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    ABSTRACT: A method is presented to correct the effects of motion and motion-related B(0) perturbations on spectroscopic imaging in real time through the use of a volumetric navigator. It is demonstrated that, for an axial slice, lifting the chin significantly disrupts the B(0) homogeneity in the zero-order (frequency), first-order Y (coronal) axis and second-order ZY term. This volumetric navigator is able to measure and correct in real time both head pose and zero- to first-order B(0) inhomogeneities. The volumetric navigator was validated in six volunteers who deliberately lifted and then dropped their chin during the scan. These scans show that motion correction alone is not sufficient to recover the spectral quality. By applying real-time shim adjustments, spectral quality was fully recovered to linewidths below 0.08 ppm and the signal-to-noise ratio to within acceptable limits in five of six subjects. In the sixth subject, 83% of the spectra within the volume of interest were recovered, compared with the worst case nonshim-corrected scan, where none of the voxels fell within these quality bounds. It is shown that the use of a volumetric navigator comes at no additional cost to the scan time or spectral signal-to-noise ratio.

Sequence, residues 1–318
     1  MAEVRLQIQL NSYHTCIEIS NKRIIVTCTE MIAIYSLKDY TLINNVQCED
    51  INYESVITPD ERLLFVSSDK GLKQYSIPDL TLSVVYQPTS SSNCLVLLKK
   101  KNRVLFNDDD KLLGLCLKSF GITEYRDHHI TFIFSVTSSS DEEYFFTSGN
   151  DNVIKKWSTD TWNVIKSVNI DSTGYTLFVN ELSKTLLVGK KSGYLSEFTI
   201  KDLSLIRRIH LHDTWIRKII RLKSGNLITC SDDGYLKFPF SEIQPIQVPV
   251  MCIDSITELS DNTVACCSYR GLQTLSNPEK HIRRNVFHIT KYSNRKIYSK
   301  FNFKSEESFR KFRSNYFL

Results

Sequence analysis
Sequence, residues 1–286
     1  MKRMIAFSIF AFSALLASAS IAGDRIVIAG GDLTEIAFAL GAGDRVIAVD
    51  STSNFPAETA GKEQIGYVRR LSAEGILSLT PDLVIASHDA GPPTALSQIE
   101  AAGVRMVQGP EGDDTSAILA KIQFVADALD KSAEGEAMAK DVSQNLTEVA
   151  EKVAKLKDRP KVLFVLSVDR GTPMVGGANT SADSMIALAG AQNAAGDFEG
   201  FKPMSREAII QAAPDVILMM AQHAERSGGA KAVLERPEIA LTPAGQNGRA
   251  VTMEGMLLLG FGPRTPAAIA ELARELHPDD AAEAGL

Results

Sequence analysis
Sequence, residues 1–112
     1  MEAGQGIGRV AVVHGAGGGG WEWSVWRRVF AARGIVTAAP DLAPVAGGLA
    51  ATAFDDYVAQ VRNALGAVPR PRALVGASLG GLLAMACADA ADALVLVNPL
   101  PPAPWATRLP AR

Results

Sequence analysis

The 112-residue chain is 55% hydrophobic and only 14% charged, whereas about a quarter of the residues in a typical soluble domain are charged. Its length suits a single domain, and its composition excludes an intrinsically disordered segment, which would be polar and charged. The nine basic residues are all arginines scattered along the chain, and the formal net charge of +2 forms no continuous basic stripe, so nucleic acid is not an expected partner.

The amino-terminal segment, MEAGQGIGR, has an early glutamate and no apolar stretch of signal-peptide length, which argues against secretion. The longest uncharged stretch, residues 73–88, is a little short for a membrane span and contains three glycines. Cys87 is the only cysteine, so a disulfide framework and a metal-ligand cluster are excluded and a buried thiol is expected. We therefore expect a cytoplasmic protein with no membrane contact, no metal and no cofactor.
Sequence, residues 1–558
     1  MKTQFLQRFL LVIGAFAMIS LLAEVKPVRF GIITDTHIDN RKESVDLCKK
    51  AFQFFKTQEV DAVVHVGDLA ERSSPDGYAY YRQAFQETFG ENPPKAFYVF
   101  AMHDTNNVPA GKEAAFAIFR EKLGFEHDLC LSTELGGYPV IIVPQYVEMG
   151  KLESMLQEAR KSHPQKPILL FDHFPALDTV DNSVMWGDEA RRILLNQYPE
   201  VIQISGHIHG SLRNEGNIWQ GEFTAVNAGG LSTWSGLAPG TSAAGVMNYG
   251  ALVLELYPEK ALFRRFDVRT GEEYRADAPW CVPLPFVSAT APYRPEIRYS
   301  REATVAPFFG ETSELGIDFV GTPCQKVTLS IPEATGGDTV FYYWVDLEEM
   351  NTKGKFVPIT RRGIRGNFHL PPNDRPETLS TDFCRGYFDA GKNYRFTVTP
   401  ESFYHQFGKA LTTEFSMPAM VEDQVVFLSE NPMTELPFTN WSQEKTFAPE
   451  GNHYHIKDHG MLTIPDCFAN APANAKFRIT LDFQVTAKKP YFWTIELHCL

NMR in Biomedicine 07/2011; 25(2):347-58. · 3.45 Impact Factor